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More about the Heimlich experiments in Africa from Radar Magazine, November 11, 2005: http://winston7.true.ws/ Mekbib Wondewossen is an Ethiopian immigrant who makes his living renting out cars in the San Francisco area, but in his spare time he works for Dr. Heimlich, doing everything from "recruiting the patients to working with the doctors here and there and everywhere," Wondewossen says. The two countries he names are Ethiopia and the small equatorial nation of Gabon, on Africa's west coast. "The Heimlich Institute is part of the work there - the main people, actually, in the research," Wondewossen says. "They're the ones who consult with us on everything. They tell us what to do." Wondewossen says that the project does not involve syringes full of malaria parasites. "We never induce the malaria," he says. "We go to an epidemic area where there is a lot of malaria, and then we look for patients that have HIV too. We find commercial sex workers or people who play around in that area." Such people are high-risk for HIV, and numerous studies show the virus makes its victims more vulnerable to malaria. A key to containing malaria is speedy treatment. In the most resource-poor areas, clinicians who lack the equipment necessary for diagnosing malaria will engage in presumptive treatment at the first signs of fever. This, says Wondewossen, runs contrary to Heimlich's interests. What physicians in Africa usually do "is terminate the malaria quickly when someone gets sick," he says. "But now we ask them to prolong it, and when we ask them to do that, the difference is very, very big." Untreated malaria is horrible and includes periods of 105-degree fever, excessive sweating followed by chills and uncontrollable shivering, blinding headaches, vomiting, body aches, anemia, and even dementia. Heimlich's malariotherapy literature recommends the patient go two to four weeks without treatment. Delay in treatment, warns the CDC, is a leading cause of death. Wondewossen say that the researchers involved in the study are not doctors. He refuses to name members of the research team, because he says it would get them into trouble with the local authorities. "The government over there is a bad government," he says. "They can make you disappear." Wondewossen won't reveal the source of funding for this malariotherapy research. "There are private funders," he says. But as to their identity? "I can't tell you that, because that's the deal we make with them, you know?" He scoffs at the question of whether his team got approval to conduct this research from a local ethics review board. Bribery on that scale, he says, is much too expensive: "If you want the government to get involved there, you have to give them a few million - and then they don't care what you do." Two years later, from the New Republic, April 23, 2007: http://www.tnr.com/article/politics/thechoke-artist (Dr. Heimlich) opened his last binder, which was marked confidential, and pulled out two sheets of paper. "Now I will tell you about the malariatherapy, or immunotherapy as we now call it, in Africa." He began to read from one of the sheets. "The Heimlich Institute has been collecting CD4 and viral load data on patients who are HIV-positive and have become infected with malaria. This data will provide support for the concept of using malariatherapy for treating HIV infection." The study involved the questionable practice of initially withholding treatment for malaria, so Heimlich would not tell me where in Africa this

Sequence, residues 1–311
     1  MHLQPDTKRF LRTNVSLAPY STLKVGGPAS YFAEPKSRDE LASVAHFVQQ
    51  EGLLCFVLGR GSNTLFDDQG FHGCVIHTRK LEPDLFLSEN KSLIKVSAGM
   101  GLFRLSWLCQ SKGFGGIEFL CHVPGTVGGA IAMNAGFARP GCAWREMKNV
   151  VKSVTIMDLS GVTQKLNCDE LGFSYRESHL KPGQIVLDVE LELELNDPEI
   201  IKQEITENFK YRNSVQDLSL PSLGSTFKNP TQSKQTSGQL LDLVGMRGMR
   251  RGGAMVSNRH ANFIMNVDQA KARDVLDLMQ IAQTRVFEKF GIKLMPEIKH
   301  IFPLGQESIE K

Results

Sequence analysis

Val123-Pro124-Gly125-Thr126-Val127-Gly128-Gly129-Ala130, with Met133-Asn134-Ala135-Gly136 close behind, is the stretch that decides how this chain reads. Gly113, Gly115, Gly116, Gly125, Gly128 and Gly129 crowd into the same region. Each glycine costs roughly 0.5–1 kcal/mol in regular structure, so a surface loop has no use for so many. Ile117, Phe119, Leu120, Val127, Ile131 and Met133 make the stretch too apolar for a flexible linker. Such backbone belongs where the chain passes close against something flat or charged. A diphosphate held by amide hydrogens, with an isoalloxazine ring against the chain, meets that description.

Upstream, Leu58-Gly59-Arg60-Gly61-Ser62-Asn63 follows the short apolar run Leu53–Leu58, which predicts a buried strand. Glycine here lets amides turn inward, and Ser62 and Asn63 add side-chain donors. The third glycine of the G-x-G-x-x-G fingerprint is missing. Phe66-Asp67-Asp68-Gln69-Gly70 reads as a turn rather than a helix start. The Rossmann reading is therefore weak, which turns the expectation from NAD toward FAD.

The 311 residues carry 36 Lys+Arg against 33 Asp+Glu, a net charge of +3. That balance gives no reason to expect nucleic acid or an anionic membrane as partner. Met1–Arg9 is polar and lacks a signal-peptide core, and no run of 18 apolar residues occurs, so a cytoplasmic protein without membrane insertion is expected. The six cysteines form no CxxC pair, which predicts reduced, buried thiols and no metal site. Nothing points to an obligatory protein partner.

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new malariatherapy trial was being done. "You never know how the politicians will react in these countries," he explained. But, according to a public health physician who has worked on aids in East Africa and has knowledge of Heimlich's latest project, the study site is in Ethiopia...Still reading from the papers, Heimlich boasted about the study's early results. Six of the first seven HIV patients treated with malariatherapy, he claimed, had experienced decreases in their viral loads. Now he was eagerly anticipating results from the 42 other patients in the study. Finally, you may wish to review this June 8, 2007 ABC 20/20 report by Brian Ross "Dr. Heimlich's New 'Maneuver': Cure AIDS With Malaria": http://blogs.abcnews.com/theblotter/2007/06/dr_heimlichs_ne.html Dr. Barnard was featured in the ABC 20/20 report and wrote these two 2004 letters to newspapers in response to articles that discuss Dr. Heimlich's "malariotherapy" experiments: http://bit.ly/9cdcJW and http://bit.ly/bQV2TQ Further, your organization's website describes him as an expert in human research, so clearly he is thoroughly informed about the Heimlich "malariotherapy" experiments: http://www.pcrm.org/news/bios/research.html Thanks for reviewing the above material. Here are my questions: 1) When did you first become aware of the Heimlich "malariotherapy" experiments? 2) Per the above articles, the Heimlich Institute has been conducting "malariotherapy" research trials in a variety of countries for over two decades. Do you consider any of these experiments to be ethical? If so, which ones? 3) Do you see any disparity between the claim in PCRM's charter - "We oppose unethical human experiments" - and your organization's presentation of the "Heimlich Award"? If so, please explain. 4) Not long ago in this video interview, Dr. Heimlich told my colleague Justin Jeffre that he was making arrangements for new "malariotherapy" experiments to proceed in another country: http://bit.ly/dylI7I Do you have any comment? Please feel free to add any other comments you wish to offer. If you can get back to me this week, that would be great. If you anticipate needing more time to respond, could you please let me know? Thanks very much for your consideration and I look forward to receiving your reply. Sincerely, Jason A. Haap The Cincinnati Beacon

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Date: Tue, 27 Apr 2010 00:04:30 -0400 From: Jason Haap, Cincinnati Beacon To: Richard Baxter (Business Mgr for Dr. Andrew Weil) CC: ghg@email.arizona.edu, cruzj@email.arizona.edu, dkerr@email.arizona.edu, ghumphre@email.arizona.edu Subject: Re: Fwd: Media Request for Dr. Weil Dear Mr. Baxter, I haven't received a response to my 4/20/10 inquiry to Dr. Weil: http://bit.ly/dgwNjV Given the seriousness of the issues, would you please advise when I may expect to receive Dr. Weil's answers to my questions? Thanks and looking forward to your reply. Sincerely, Jason Haap The Cincinnati Beacon